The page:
Saudi Cafe and Misk Lighthouse: A bit of Saudi Arabia in the Alps

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Traditional food can be found at the Saudi Cafe in Davos, whilst Saudi art and design is on display at the Misk Lighthouse on Promenade 62. (Arab News photo)
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Traditional food can be found at the Saudi Cafe in Davos, whilst Saudi art and design is on display at the Misk Lighthouse on Promenade 62. (Arab News photo)
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Updated 23 January 2020

Saudi Cafe and Misk Lighthouse: A bit of Saudi Arabia in the Alps

  • Kingdom's national dishes can be sampled at cafe run by the Misk Foundation at the World Economic Forum
  • Besides the culinary delights, Saudi art and design are on display at the Misk Lighthouse on Promenade 62

DAVOS: Forget hot chocolate — Davos delegates seeking to keep warm can visit the Saudi Cafe to sample a snug mug of Medina black tea topped with dried rose petals, or tuck into a plate of Shaatha cake.

The culinary delights are on offer at the pop-up cafe, run by Saudi Arabia’s Misk Foundation, which is open for the week at the mountain venue of the World Economic Forum (WEF).

“This is the first year that we have the Saudi Cafe in Davos,” said chef Najla Al-Otaibi while preparing a tray of Masabeb, a sweet dish made of pancakes topped with golden honey and traditional ghee. “The people really enjoyed the food and the drinks, the Arabic coffee and the tea, which comes straight from Madinah, and the Karak tea with milk.”

Other items found on the menu are the Henaini, a plate of crumbled bread mixed in with fresh dates and thinly-sliced lemon wedges, as well as the most popular dish, the Shaatha cake, a traditional old Bedouin dish made from dates.

Everyone orders the Shaatha cake and downs it with a hot cup of Karak tea, said Al-Otaibi, as she multi-tasked around the cafe.

“I love to show the world our food. I want to introduce them all to our food, and show the amazing dishes we have in Saudi Arabia.”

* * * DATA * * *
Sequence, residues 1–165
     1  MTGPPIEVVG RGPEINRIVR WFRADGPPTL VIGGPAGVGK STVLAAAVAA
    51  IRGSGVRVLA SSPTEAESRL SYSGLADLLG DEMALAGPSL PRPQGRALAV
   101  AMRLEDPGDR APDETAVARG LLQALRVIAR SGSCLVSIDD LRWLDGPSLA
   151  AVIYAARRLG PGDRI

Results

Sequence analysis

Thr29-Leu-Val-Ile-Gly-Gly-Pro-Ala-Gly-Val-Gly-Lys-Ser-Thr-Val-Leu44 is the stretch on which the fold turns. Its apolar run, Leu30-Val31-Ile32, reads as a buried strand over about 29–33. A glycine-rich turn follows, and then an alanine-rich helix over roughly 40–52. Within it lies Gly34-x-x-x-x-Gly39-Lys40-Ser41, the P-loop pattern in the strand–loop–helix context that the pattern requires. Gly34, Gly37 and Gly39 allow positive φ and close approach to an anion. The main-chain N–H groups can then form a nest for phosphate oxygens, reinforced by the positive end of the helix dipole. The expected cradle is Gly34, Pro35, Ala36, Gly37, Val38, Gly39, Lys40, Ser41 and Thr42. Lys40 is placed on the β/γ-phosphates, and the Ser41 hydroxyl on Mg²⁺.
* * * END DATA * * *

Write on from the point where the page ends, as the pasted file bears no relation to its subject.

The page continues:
Further down the snow-covered street, buzzing with the different languages of the Davos delegates, we reach Promenade 62 — the Misk Lighthouse, which is an area for hosting debates and discussion forums focused on skills, entrepreneurship and global citizenship. It features prominent speakers, Saudi art and refreshments.

“The designer is obsessed with Islamic Art,” said Basma Al-Shathry, curator at the Misk Art Institute. “All the design pieces here are created by three simple shapes derived from Islamic art, which create different pieces of furniture that are functional, so chairs, bookshelves and tables.

“He uses wood, he is very sustainable with his approach, he tries to use as little as possible and he tries to make sure the pieces outlive their users, so adaptability is very important.”

On the wall in front of the furniture are drawings of the three original shapes Al-Shathry describes, with more and more complicated forms based around them.

“The artist is the priority, so we try to make sure that whatever initiative we take helps the artist solidify their role within society, locally and internationally,” the curator said. “It’s our role to make sure that it reaches the right people at the right place,” she said.


A travel-experience company has Saudi Arabia’s nature and culture in its sights

Updated 09 August 2020

A travel-experience company has Saudi Arabia’s nature and culture in its sights

  • The Traveling Panther aims to bring the Kingdom’s natural wonders and cultural heritage alive through local narratives
  • The initial focus of the five female Saudi founders is on the Kingdom’s Eastern Province, Asir and the coast of Tabuk

DUBAI: Although the COVID-19 pandemic has brought the global travel, tourism and hospitality industry to a halt, five young Saudi women have found a silver lining.

The Traveling Panther (TTP), a Riyadh-based bespoke travel experience company, has turned to remote and forgotten areas of Saudi Arabia to display the country’s rich history and heritage.

With millions of residents and citizens across the Kingdom staying put for the foreseeable future and local tourism set to take off, their timing could not be better.

“Being a part of an industry that revolves around travel and personal interactions has definitely made things a little difficult today,” said Fahda Bander Al-Saud, TTP co-founder.

“Before the lockdown, the market was ripe with potential – the Kingdom opening up to tourism with the recent launch of the new visas was the start of a new era for the country and an exciting prospect for us as a company. The global lockdown has brought our industry to a near standstill.”

But TTP’s mission was to make the best out of a challenge. Instead of putting operations on hold, it used the time wisely to breathe, refocus, plan and prepare. “There are many things we wanted to develop, from access to a wider variety of facilities, to setting up our experience infrastructure across the Kingdom,” Al-Saud told Arab News.

“Trying to do all of that while also managing visitors and creating incredible experiences is possible, but it’s a bit like laying tracks while the train is moving.

“For all the stress that has come with the coronavirus, there’s also been a small sense of relief – we feel more prepared than ever to deliver on our promise: creating unique luxury experiences for the conscious traveler.”

Before becoming TTP, the young women were considered the “go-to” people for travelers wishing to discover places outside the London or New York norm.

“As world travelers, we were fortunate to experience the top tourist destinations,” Al-Saud said. “When TTP was created, we used our collective knowledge to explore the unexplored, and experience the world outside of what we see on social media.”